Bathing and dressing up a deceased loved one, or gathering before the burial are integral parts of grieving for my cultures in South Africa. Yet, as deaths mount due to the coronavirus pandemic, officials are urging citizens to find new funeral practices to stop the spread of Covid-19.

Last year, Limpopo was among the provinces with least number of reported positive cases. Since the beginning of 2021, the province has seen a rapid rise in the number of positive Covid-19 cases reported daily. Funerals have been singled out as so-called super spreader events in the province, officials in the Covid-19 Provincial Command Council (PCC) said this week. This is despite national regulations limiting funerals to 50 people.

“The current regulation states that the number of people who can attend a funeral is only 50,” said Limpopo Premier Stanley Mathabatha. “It further states that there must be social distancing, wearing of face masks, regular washing of hands with water and soap and sanitising. However, majority of our people continue to ignore these important guidelines, thus causing harm to themselves and others.”

Rising deaths

As of Thursday, Limpopo has recorded a total number of 40,364 positive cases, with 702 deaths since the start of the pandemic. A total number of 1,717 of health care workers tested positive for the coronavirus, with 11 succumbing to the virus.

“PCC, therefore, makes a clarion call to the people of Limpopo to be careful of funerals. Please do not attend a funeral if you are not a member of the family or a close relative,” the premier said in a virtual meeting. “In the same spirit, the PCC calls upon all municipalities in the province and our law enforcement agencies, to monitor and enforce compliance at these funerals. This is because our mission as this current generation is to save lives at all costs.”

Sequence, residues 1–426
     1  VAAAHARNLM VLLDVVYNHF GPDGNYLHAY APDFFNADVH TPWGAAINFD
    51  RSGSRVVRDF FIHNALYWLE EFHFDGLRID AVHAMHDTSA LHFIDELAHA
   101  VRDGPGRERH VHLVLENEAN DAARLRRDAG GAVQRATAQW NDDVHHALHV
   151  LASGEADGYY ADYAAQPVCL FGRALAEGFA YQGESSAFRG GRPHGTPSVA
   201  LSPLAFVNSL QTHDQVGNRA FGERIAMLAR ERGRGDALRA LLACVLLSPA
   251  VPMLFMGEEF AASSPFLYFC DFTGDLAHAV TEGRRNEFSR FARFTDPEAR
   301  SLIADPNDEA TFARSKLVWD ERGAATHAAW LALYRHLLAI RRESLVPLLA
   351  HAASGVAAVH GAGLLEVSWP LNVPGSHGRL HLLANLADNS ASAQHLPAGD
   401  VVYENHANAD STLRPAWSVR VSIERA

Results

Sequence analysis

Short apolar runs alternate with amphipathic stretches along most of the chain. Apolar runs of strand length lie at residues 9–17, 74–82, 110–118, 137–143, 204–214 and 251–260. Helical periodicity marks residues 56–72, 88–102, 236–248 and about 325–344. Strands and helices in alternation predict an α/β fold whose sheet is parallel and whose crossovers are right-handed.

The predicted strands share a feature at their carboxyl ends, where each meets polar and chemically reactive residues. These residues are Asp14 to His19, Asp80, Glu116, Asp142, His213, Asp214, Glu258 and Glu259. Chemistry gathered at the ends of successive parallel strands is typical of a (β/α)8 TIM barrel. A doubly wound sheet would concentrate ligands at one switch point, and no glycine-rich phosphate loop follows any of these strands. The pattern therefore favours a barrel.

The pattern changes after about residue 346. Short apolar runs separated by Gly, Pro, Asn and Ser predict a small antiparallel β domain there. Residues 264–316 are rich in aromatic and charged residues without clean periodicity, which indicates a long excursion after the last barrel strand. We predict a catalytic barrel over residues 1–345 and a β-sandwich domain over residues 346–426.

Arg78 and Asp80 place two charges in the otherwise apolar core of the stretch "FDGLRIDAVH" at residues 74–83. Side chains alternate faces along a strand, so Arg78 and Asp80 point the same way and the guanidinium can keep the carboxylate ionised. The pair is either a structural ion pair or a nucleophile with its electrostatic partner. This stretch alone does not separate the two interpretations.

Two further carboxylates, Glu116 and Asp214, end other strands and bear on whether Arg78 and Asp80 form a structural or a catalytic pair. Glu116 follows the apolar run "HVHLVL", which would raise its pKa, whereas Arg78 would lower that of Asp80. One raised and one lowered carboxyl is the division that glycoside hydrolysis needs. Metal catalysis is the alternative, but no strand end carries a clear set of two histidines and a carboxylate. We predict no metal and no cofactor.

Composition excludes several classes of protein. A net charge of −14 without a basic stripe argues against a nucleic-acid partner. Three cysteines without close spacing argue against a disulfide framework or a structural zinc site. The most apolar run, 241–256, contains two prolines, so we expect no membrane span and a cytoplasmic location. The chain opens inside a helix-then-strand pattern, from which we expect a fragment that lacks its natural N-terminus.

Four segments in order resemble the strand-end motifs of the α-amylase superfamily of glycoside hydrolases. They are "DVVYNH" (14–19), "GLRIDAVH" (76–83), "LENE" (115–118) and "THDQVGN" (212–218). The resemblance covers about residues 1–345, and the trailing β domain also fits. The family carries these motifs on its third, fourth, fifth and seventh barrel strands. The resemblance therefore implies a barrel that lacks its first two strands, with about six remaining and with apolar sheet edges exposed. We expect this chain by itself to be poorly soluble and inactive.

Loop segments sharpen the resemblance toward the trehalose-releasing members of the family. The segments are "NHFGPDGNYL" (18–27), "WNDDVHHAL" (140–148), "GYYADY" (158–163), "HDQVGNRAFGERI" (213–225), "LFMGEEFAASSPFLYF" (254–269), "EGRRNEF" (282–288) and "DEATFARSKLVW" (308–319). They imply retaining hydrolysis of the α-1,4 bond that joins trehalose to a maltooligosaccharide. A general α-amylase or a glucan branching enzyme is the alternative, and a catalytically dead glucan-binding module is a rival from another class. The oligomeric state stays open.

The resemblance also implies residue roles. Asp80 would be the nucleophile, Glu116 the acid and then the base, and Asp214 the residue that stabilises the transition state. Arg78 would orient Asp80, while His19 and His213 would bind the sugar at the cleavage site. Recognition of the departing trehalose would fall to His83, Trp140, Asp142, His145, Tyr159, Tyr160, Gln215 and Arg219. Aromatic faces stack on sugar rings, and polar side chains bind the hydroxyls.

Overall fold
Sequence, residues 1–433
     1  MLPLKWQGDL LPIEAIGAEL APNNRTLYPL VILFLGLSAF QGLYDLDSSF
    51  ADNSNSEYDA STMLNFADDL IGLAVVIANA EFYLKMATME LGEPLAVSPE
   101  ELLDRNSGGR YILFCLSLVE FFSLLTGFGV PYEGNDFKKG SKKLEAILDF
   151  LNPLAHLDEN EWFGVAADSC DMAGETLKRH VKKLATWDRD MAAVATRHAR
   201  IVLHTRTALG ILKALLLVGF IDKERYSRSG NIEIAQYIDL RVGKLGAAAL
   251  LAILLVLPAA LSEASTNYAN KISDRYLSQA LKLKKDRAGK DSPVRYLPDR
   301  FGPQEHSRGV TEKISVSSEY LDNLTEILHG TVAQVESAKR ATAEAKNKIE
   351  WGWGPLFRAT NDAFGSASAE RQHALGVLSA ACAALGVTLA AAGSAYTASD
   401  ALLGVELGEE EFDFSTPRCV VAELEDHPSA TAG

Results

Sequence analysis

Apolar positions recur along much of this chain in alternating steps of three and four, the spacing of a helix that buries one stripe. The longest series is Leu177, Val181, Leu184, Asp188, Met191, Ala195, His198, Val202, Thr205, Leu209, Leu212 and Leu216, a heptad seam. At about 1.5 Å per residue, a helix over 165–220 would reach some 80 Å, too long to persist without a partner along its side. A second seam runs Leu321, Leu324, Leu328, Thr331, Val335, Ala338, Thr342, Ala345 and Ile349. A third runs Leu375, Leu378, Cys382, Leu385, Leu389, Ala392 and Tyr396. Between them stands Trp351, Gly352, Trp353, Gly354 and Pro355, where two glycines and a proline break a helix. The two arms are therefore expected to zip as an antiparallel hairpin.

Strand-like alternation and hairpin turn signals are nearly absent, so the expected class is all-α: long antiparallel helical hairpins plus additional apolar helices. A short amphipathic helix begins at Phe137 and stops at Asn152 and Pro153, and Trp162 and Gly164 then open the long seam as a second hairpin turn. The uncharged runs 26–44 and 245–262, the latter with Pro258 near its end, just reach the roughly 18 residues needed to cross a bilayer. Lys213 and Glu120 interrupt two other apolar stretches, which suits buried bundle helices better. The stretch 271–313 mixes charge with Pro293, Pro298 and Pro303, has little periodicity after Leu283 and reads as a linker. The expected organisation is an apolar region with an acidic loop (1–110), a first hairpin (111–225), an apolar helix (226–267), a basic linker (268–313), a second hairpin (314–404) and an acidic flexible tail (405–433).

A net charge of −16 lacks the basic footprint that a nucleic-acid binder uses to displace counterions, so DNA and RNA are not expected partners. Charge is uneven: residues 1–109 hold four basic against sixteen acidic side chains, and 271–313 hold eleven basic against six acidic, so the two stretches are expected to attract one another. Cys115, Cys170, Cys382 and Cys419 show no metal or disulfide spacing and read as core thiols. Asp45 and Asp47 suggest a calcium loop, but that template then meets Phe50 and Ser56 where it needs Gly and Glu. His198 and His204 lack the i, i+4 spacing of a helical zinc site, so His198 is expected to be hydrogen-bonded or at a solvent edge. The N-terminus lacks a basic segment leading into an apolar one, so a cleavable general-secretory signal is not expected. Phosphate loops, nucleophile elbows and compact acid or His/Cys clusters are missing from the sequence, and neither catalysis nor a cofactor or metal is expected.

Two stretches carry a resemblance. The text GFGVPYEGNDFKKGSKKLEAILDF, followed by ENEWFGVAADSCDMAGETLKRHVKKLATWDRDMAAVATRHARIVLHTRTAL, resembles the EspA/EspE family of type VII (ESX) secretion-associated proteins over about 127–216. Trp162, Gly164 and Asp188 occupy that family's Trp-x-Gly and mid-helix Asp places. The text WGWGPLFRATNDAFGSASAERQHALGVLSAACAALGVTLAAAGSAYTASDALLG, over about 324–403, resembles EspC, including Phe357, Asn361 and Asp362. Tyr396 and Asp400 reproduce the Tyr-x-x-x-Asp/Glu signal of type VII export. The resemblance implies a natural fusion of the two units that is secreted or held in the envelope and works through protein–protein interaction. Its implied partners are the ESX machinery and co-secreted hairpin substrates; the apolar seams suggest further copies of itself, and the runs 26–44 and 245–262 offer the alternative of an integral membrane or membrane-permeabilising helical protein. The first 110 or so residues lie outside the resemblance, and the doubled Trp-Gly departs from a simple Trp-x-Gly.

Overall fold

Earlier this week, President Cyril Ramaphosa reiterated the national regulations around funerals. Along with limited attendance, social distancing, hand-sanitising and mask-wearing must be adhered to at all times.

The World Health Organisation has also published regulations for the funerals of those who have succumbed to Covid-19. For example, if the family only wants to view the body, they may do so, using standard precautions always including hand hygiene. Touching or kissing the body is not recommended, because one may still be able to contract the coronavirus from a deceased relative.

Despite the rising deaths, the province’s hospitals are still coping. While public hospitals in the province still have beds available for Covid-19 patients, private hospitals are full, said Mathabatha. Some private hospitals are now transferring patients to Limpopo’s public hospitals, he added.

Undertakers at risk

Funeral parlours no  longer allow family members to dress the corpses of their relatives, regardless of the cause of death, said spokesperson for South African Funeral Practitioners Association (SAFPA) Vuyo Mabindisa. Still, there are many clients who ignore these rules.

Poster about funerals

Source: Province of Limpopo

“In light of Covid-19, we no longer allow family members to bath nor dress up their loved ones as we are trying to limit the spread of the virus at all cost,” said Mabindisa “But despite that we do come across families who gives us problems by still insisting to visit and bath corpses despite knowing what we are going through as a nation”.

Mabindisa also dismissed reports of coffin shortages.

“Though at some time we did experience a challenge when it comes to the availability of coffins, I can confidently say that we have dealt with that challenge and coffins are now being manufactured in a huge number,” he said.

Earlier this week, Health MEC Dr Phophi Ramathuba, also pleaded with the funeral practitioners to ensure their own safety. The MEC said her office held meeting with funeral undertakers during the first wave of infections, and asked them to maintain the regulations that helped the province cope. Still, with a new variant of the virus, she urged citizens to be more vigilant.

“With the first wave what we dealt with was the virus that was attacking majority of people who were old and vulnerable and people who we lost at that time would mainly be our senior citizens,” said Ramathuba. “This time around because this variant attack young people that is why you’re seeing the spread very rapid.”—Health-e News